Lithium Treatment Effects on the Neuropsychological Functioning of Patients With Bipolar I Disorder
J Clin Psychiatry 2010;71(8):1055-1060
© Copyright 2016 Physicians Postgraduate Press, Inc.
Purchase This PDF for $40.00
If you are not a paid subscriber, you may purchase the PDF.
(You'll need the free Adobe Acrobat Reader.)
Receive immediate full-text access to JCP. You can subscribe to JCP online-only ($86) or print + online ($156 individual).
With your subscription, receive a free PDF collection of the NCDEU Festschrift articles. Hurry! This offer ends December 31, 2011.
If you are a paid subscriber to JCP and do not yet have a username and password, activate your subscription now.
As a paid subscriber who has activated your subscription, you have access to the HTML and PDF versions of this item.
Click here to login.
Did you forget your password?
Still can't log in? Contact the Circulation Department at 1-800-489-1001 x4 or send email
Objective: To determine if medication plays a major role in cognitive impairment in bipolar disorder and if regular treatment with lithium influences the cognitive performance of a group of euthymic patients with bipolar I disorder.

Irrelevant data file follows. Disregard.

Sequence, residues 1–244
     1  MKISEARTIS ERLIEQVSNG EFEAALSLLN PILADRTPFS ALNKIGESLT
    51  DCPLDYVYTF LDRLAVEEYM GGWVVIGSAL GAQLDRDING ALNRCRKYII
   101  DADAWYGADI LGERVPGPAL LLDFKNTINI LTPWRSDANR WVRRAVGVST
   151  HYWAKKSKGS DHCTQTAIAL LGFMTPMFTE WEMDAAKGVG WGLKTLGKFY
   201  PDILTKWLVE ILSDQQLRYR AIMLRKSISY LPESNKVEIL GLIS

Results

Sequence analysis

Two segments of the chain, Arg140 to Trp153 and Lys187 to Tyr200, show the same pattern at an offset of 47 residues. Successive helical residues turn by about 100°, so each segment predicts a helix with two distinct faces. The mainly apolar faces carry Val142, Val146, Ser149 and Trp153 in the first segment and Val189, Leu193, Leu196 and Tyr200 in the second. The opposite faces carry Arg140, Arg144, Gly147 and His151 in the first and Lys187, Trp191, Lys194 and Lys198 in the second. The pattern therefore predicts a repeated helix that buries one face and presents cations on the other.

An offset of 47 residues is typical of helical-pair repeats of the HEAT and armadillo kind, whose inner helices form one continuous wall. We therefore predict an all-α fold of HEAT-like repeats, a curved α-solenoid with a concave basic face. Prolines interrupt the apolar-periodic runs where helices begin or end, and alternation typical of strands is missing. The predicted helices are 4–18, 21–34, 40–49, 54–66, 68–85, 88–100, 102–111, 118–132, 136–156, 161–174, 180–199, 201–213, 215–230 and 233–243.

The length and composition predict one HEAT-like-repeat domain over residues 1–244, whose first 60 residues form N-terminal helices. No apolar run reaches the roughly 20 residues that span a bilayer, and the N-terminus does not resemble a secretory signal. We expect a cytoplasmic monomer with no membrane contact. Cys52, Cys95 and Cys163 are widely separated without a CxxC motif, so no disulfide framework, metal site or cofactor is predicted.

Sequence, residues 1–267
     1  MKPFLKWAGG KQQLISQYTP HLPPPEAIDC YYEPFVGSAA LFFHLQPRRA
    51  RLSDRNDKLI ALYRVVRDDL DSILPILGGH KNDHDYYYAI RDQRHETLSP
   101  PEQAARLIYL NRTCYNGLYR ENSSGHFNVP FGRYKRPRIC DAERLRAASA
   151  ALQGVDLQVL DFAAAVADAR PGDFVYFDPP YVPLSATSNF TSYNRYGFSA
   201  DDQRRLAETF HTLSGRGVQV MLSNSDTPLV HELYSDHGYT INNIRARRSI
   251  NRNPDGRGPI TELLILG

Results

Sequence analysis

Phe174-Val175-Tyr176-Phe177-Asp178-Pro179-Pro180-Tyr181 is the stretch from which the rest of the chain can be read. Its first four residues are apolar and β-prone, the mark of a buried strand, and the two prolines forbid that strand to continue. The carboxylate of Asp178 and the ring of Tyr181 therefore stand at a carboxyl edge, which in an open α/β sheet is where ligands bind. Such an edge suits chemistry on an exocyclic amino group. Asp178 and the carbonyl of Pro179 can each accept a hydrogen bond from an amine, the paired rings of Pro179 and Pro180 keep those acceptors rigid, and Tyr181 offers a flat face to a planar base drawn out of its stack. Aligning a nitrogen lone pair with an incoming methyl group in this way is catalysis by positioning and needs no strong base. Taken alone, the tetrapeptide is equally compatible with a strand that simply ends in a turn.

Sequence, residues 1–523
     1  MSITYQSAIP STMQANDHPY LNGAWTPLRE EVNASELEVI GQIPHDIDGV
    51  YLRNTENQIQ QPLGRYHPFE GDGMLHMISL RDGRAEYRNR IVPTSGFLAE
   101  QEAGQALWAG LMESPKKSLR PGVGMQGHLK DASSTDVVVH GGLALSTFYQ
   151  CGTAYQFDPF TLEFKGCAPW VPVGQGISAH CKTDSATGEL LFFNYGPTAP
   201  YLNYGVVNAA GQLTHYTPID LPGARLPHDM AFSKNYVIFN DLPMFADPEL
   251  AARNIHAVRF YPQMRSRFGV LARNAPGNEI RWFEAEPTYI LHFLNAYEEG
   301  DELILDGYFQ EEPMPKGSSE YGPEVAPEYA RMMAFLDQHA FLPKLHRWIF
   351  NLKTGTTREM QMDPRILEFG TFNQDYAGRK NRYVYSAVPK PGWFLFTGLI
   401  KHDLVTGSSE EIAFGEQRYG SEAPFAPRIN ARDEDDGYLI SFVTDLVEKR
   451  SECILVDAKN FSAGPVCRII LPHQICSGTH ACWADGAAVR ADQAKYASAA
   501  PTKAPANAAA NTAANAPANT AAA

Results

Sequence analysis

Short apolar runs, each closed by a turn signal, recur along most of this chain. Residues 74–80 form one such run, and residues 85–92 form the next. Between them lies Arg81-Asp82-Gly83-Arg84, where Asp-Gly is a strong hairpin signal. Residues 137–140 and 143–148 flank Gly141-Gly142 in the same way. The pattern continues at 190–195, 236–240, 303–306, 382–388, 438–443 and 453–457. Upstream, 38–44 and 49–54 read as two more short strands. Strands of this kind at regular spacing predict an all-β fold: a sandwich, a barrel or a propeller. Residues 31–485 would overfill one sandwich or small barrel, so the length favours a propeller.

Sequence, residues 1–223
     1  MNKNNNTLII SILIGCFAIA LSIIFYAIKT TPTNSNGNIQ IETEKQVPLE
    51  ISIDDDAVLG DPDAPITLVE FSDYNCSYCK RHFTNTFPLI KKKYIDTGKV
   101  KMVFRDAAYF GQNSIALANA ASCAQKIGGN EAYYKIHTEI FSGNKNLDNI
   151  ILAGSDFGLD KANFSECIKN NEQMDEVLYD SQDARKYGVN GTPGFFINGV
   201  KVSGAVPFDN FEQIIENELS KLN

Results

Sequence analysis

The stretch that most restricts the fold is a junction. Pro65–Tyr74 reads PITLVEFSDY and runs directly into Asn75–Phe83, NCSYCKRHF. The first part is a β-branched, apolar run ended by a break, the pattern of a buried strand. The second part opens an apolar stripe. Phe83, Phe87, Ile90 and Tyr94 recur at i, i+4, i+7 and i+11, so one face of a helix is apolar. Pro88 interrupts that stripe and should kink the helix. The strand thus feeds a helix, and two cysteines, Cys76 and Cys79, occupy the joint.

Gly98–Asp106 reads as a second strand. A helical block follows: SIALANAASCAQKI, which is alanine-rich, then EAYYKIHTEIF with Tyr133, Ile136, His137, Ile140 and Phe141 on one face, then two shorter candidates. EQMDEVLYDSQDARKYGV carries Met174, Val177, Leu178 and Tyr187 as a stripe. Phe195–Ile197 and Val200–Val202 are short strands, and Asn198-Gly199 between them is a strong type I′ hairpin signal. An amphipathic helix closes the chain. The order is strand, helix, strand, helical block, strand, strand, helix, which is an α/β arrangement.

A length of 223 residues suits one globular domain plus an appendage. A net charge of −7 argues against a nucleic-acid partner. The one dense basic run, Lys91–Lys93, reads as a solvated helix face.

Method: Cognitive performance was assessed using neuropsychological tests of attention, memory, and executive function on 60 subjects: 20 euthymic bipolar I patients with no medication intake, 20 euthymic bipolar I patients who were following regular treatment with lithium carbonate monotherapy, and a third group of 20 control healthy subjects. The subjects were evaluated from January 2005 to October 2006. Patients were diagnosed using DSM-IV criteria for bipolar disorder.
Results: Compared to the healthy group, bipolar I patients had significantly lower performance on episodic verbal and visual-verbal memory regardless of their medication status. No significant cognitive performance differences were found between the two groups of patients with bipolar disorder, suggesting that lithium therapy had no deleterious effects on cognition.
Conclusion: Patients with bipolar I disorder have verbal memory deficits that are not explained by medication or by lithium monotherapy, but by the condition itself.
J Clin Psychiatry 2010;71(8):1055–1060
Submitted: July 18, 2008; accepted February 28, 2009.
Online ahead of print: March 23, 2010 (doi:10.4088/JCP.08m04673yel).
Corresponding author: Carlos López-Jaramillo, MD, Msc, Department of Psychiatry, School of Medicine, Universidad de Antioquia, Cra 43A No 1-50 Of 954, Medellín, Colombia (email@example.com).